By making use of that the cumulants, except for the first, are invariant under a change of origin, the k m (Γ) could be rewritten in terms of the moments about the mean as [link] , [link] , [link] , and [link] , where μ m are the moments about the mean, defined as given in [link] .

Questions & Answers

Is there any normative that regulates the use of silver nanoparticles?
Damian Reply
what king of growth are you checking .?
Renato
What fields keep nano created devices from performing or assimulating ? Magnetic fields ? Are do they assimilate ?
Stoney Reply
why we need to study biomolecules, molecular biology in nanotechnology?
Adin Reply
?
Kyle
yes I'm doing my masters in nanotechnology, we are being studying all these domains as well..
Adin
why?
Adin
what school?
Kyle
biomolecules are e building blocks of every organics and inorganic materials.
Joe
anyone know any internet site where one can find nanotechnology papers?
Damian Reply
research.net
kanaga
sciencedirect big data base
Ernesto
Introduction about quantum dots in nanotechnology
Praveena Reply
what does nano mean?
Anassong Reply
nano basically means 10^(-9). nanometer is a unit to measure length.
Bharti
do you think it's worthwhile in the long term to study the effects and possibilities of nanotechnology on viral treatment?
Damian Reply
absolutely yes
Daniel
how to know photocatalytic properties of tio2 nanoparticles...what to do now
Akash Reply
it is a goid question and i want to know the answer as well
Maciej
characteristics of micro business
Abigail
for teaching engĺish at school how nano technology help us
Anassong
Do somebody tell me a best nano engineering book for beginners?
s. Reply
there is no specific books for beginners but there is book called principle of nanotechnology
NANO
what is fullerene does it is used to make bukky balls
Devang Reply
are you nano engineer ?
s.
fullerene is a bucky ball aka Carbon 60 molecule. It was name by the architect Fuller. He design the geodesic dome. it resembles a soccer ball.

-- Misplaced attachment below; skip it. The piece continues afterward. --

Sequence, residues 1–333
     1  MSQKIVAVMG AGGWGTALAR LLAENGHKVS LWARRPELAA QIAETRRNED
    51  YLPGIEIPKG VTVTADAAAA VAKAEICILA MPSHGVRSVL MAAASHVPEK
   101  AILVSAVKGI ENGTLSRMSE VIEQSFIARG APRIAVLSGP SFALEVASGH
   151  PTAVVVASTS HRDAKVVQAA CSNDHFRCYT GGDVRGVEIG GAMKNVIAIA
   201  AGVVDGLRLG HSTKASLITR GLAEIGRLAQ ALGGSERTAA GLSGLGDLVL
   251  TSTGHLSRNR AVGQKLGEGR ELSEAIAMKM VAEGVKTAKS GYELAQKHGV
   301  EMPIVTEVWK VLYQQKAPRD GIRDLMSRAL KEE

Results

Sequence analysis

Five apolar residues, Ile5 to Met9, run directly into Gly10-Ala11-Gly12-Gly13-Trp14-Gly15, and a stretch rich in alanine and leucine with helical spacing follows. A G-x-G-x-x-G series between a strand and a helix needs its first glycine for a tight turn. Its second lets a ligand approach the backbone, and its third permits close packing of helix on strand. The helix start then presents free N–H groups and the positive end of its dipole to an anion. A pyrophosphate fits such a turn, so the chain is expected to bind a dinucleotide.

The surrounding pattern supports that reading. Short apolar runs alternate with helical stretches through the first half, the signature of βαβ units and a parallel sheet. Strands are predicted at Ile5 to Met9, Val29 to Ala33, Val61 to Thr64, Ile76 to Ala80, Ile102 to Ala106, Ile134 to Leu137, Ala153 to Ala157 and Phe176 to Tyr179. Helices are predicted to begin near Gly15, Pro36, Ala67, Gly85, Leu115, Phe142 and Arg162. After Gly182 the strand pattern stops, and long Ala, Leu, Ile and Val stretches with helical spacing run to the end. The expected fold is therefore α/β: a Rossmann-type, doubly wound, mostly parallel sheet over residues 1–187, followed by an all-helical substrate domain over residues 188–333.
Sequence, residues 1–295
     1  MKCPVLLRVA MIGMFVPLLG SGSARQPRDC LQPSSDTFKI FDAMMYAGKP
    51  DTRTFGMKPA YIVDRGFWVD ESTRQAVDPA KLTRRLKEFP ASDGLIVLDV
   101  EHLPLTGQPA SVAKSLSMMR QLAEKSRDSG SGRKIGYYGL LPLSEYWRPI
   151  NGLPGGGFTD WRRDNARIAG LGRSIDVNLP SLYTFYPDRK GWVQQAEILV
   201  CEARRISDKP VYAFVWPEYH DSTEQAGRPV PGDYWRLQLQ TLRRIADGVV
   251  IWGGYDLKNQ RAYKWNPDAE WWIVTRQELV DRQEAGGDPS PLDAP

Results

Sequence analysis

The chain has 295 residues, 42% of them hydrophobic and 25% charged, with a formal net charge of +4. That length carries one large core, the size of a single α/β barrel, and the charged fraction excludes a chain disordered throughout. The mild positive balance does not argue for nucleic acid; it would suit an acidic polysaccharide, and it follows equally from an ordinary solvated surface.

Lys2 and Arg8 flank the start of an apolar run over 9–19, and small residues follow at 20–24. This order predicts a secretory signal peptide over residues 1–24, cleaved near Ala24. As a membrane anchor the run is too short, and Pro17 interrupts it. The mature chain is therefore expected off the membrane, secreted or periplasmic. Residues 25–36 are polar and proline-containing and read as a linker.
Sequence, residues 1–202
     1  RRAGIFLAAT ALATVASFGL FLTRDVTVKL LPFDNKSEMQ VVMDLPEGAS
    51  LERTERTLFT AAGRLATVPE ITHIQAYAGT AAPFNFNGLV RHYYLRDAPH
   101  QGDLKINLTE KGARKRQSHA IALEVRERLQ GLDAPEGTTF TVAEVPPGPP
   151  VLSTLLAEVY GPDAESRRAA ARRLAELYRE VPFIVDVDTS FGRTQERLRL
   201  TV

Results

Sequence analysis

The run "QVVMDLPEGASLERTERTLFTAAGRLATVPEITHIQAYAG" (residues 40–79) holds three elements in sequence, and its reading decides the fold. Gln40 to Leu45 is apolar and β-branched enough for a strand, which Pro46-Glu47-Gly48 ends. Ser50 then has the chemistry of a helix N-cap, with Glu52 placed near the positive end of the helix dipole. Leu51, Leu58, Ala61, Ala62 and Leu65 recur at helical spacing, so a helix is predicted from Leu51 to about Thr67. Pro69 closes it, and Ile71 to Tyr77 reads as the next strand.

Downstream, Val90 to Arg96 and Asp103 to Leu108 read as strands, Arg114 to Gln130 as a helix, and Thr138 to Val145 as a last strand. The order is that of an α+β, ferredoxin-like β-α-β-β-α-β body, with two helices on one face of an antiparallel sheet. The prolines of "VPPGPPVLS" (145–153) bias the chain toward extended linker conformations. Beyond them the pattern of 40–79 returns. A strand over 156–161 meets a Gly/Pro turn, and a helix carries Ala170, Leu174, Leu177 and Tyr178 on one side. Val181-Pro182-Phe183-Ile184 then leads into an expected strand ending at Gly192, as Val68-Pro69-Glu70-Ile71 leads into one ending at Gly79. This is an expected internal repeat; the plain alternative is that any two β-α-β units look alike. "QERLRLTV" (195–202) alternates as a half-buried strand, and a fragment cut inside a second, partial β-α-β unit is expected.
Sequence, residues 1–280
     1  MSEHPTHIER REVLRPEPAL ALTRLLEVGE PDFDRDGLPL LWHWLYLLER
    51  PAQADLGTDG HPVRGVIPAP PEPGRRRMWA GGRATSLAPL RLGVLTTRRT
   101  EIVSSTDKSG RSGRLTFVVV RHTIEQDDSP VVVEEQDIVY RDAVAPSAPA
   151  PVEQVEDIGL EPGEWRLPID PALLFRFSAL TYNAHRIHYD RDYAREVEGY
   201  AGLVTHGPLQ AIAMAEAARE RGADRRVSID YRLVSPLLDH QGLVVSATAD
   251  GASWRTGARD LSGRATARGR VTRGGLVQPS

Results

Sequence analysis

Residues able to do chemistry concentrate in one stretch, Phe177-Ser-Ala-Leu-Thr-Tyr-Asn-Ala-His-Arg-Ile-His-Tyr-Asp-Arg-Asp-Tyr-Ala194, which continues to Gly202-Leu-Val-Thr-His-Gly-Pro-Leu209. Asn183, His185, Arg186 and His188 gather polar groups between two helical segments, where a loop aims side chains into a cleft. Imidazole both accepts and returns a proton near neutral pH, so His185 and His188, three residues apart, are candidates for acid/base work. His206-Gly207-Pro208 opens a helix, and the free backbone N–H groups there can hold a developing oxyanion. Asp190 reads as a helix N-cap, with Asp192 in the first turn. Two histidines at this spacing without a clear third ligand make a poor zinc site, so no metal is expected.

Tarell
what is the actual application of fullerenes nowadays?
Damian
That is a great question Damian. best way to answer that question is to Google it. there are hundreds of applications for buck minister fullerenes, from medical to aerospace. you can also find plenty of research papers that will give you great detail on the potential applications of fullerenes.
Tarell
what is the Synthesis, properties,and applications of carbon nano chemistry
Abhijith Reply
Mostly, they use nano carbon for electronics and for materials to be strengthened.
Virgil
is Bucky paper clear?
CYNTHIA
carbon nanotubes has various application in fuel cells membrane, current research on cancer drug,and in electronics MEMS and NEMS etc
NANO
so some one know about replacing silicon atom with phosphorous in semiconductors device?
s. Reply
Yeah, it is a pain to say the least. You basically have to heat the substarte up to around 1000 degrees celcius then pass phosphene gas over top of it, which is explosive and toxic by the way, under very low pressure.
Harper
Do you know which machine is used to that process?
s.
how to fabricate graphene ink ?
SUYASH Reply
for screen printed electrodes ?
SUYASH
What is lattice structure?
s. Reply
of graphene you mean?
Ebrahim
or in general
Ebrahim
in general
s.
Graphene has a hexagonal structure
tahir
On having this app for quite a bit time, Haven't realised there's a chat room in it.
Cied
what is biological synthesis of nanoparticles
Sanket Reply

Get the best Nanomaterials and nano... course in your pocket!





Source:  OpenStax, Nanomaterials and nanotechnology. OpenStax CNX. May 07, 2014 Download for free at http://legacy.cnx.org/content/col10700/1.13
Google Play and the Google Play logo are trademarks of Google Inc.

Notification Switch

Would you like to follow the 'Nanomaterials and nanotechnology' conversation and receive update notifications?

Ask